“There has been a long-standing belief among experts in nutrition that low-fat diets are most conducive to overall health. This belief is based on epidemiological evidence that countries in which very low fat diets are consumed have a relatively low prevalence of coronary heart disease, obesity, and some forms of cancer. For example, low rates of coronary heart disease have been observed in parts of the Far East where intakes of fat traditionally have been very low. However, populations in these countries tend to be rural, consume a limited variety of food, and have a high energy expenditure from manual labor. Therefore, the specific contribution of low-fat diets to low rates of chronic disease remains uncertain. Particularly germane is the question of whether a low-fat diet would benefit the American population, which is largely urban and sedentary and has a wide choice of foods.” [emphasis mine – although whether our population in 2000 was largely “sedentary” is arguable]

The 2000 DGAC goes on to say:

“The metabolic changes that accompany a marked reduction in fat intake could predispose to coronary heart disease and type 2 diabetes mellitus. For example, reducing the percentage of dietary fat to 20 percent of calories can induce a serum lipoprotein pattern called atherogenic dyslipidemia, which is characterized by elevated triglycerides, small-dense LDL, and low high-density lipoproteins (HDL). This lipoprotein pattern apparently predisposes to coronary heart disease. This blood lipid response to a high-carbohydrate diet was observed earlier and has been confirmed repeatedly. Consumption of high-carbohydrate diets also can produce an enhanced post-prandial response in glucose and insulin concentrations. In persons with insulin resistance, this response could predispose to type 2 diabetes mellitus.

The committee further held the concern that the previous priority given to a “low-fat intake” may lead people to believe that, as long as fat intake is low, the diet will be entirely healthful. This belief could engender an overconsumption of total calories in the form of carbohydrate, resulting in the adverse metabolic consequences of high carbohydrate diets. Further, the possibility that overconsumption of carbohydrate may contribute to obesity cannot be ignored. The committee noted reports that an increasing prevalence of obesity in the United States has corresponded roughly with an absolute increase in carbohydrate consumption.” [emphasis mine]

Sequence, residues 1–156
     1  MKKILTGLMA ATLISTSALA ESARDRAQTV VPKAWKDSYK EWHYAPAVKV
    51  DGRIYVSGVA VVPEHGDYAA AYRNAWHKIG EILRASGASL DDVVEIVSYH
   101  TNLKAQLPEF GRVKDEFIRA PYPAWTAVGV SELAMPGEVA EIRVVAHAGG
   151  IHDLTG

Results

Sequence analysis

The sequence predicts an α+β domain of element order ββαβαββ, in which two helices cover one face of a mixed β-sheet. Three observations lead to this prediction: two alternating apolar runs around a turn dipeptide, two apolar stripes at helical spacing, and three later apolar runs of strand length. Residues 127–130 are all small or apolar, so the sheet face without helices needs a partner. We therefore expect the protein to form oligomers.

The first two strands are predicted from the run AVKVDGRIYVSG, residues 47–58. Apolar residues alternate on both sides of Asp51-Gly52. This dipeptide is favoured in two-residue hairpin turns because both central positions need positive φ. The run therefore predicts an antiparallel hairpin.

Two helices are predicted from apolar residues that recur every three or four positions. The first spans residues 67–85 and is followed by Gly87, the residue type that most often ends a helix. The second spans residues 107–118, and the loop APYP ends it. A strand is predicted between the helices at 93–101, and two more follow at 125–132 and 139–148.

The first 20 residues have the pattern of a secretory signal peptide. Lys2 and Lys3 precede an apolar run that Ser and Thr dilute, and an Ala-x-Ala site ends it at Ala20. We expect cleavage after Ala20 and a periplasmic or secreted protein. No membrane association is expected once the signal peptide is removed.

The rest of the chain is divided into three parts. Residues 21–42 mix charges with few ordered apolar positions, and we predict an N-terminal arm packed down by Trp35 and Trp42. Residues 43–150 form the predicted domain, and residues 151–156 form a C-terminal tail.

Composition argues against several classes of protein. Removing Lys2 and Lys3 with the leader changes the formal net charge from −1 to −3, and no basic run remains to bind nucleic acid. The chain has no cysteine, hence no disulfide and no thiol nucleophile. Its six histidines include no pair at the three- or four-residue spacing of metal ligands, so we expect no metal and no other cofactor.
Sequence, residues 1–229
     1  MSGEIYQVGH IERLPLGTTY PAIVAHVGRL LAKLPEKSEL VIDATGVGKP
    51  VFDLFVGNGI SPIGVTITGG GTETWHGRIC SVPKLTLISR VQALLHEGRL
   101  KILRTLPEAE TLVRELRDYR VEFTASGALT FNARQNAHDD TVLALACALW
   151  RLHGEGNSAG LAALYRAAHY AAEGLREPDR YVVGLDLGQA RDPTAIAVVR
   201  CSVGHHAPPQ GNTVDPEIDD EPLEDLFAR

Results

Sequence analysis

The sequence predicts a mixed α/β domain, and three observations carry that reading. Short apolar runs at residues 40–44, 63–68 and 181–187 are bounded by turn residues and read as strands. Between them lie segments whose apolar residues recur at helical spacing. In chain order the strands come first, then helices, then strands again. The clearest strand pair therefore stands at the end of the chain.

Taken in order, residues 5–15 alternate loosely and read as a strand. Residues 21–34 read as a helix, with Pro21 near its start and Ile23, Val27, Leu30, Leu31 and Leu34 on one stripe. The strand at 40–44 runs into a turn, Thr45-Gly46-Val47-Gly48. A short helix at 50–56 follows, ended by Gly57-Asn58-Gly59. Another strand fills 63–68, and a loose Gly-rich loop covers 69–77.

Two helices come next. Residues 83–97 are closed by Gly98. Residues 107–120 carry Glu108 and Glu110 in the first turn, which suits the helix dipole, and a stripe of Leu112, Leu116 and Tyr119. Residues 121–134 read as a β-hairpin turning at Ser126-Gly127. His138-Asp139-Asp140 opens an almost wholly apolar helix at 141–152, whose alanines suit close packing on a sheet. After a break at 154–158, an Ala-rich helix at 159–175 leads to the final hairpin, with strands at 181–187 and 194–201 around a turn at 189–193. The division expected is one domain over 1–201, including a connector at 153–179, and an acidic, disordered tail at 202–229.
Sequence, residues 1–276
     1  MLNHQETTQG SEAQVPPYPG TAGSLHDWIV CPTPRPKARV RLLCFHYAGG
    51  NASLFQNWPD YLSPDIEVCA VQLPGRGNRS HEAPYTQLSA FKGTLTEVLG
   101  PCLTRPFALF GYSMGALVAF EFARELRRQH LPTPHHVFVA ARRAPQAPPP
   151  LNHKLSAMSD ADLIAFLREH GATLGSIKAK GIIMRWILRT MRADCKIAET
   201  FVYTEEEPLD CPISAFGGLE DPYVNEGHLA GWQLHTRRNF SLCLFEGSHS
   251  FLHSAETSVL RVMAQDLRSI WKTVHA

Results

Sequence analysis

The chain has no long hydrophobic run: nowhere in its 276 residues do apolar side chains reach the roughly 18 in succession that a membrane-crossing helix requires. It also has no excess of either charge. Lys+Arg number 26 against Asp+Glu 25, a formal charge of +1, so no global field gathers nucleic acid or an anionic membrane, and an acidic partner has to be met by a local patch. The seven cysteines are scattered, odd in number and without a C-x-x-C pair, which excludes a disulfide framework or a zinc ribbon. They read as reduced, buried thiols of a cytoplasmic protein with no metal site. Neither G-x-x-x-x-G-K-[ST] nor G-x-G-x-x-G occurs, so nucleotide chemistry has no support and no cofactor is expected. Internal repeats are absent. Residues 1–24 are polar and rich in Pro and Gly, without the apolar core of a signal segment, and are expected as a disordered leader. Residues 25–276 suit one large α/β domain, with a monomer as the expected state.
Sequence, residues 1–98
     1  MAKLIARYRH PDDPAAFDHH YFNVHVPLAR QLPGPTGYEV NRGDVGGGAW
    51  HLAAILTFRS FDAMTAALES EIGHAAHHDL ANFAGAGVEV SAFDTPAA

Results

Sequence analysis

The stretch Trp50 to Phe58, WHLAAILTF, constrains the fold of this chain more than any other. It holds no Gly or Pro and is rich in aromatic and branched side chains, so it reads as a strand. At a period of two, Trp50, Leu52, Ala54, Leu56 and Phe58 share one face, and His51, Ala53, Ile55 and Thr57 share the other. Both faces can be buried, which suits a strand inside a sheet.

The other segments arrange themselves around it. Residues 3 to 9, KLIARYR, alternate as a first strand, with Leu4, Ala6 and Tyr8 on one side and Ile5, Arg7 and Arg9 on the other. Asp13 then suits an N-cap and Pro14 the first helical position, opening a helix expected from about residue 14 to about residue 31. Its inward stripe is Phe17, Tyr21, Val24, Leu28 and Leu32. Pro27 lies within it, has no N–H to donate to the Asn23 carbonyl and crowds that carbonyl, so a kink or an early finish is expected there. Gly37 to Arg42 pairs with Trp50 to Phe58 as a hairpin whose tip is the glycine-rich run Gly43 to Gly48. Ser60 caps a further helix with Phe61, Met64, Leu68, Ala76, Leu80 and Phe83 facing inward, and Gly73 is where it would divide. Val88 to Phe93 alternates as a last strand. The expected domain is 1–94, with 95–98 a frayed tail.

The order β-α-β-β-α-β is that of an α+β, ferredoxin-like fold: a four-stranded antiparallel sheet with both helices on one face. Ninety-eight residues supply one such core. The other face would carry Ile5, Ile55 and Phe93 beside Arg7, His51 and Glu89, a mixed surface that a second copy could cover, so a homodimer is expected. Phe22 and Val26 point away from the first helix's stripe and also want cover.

Hmmmm. Okay, folks, that was in 2000—THIRTEEN years ago. If the DGAC was concerned about increases in carbohydrate intake—absolute carbohydrate intake, not just sugars, but sugars and starches—13 years ago, how come nothing has changed in our federal nutrition policy since then?

I’m not going to blame you if your eyes glaze over during this next part, as I get down and geeky on you with some Dietary Guidelines backstory:

As with all versions of the Dietary Guidelines after 1980, the 2000 edition was based on a report submitted by the DGAC which indicated what changes should be made from the previous version of the Guidelines. And, as will all previous versions after 1980, the changes in the 2000 Dietary Guidelines were taken almost word-for-word from the suggestions given by the scientists on the DGAC, with few changes made by USDA or HHS staff. Although HHS and USDA took turns administrating the creation of the Guidelines, in 2000, no staff members from either agency were indicated as contributing to the writing of the final Guidelines.

But after those comments in 2000 about carbohydrates, things changed.

Beginning with the 2005 Dietary Guidelines, HHS and USDA staff members are in charge of writing the Guidelines, which are no longer considered to be a scientific document whose audience is the American public, but a policy document whose audience is nutrition educators, health professionals, and policymakers. Why and under whose direction this change took place is unknown.

The Dietary Guidelines process doesn’t have a lot of law holding it up. Most of what happens in regard to the Guidelines is a matter of bureaucracy, decision-making that takes place within USDA and HHS that is not handled by elected representatives but by government employees.

However, there is one mandate of importance: the National Nutrition Monitoring and Related Research Act of 1990, Public Law 445, 101st Cong., 2nd sess. (October 22, 1990), section 301. (P.L. 101-445) requires that “The information and guidelines contained in each report required under paragraph shall be based on the preponderance of the scientific and medical knowledge which is current at the time the report is prepared.”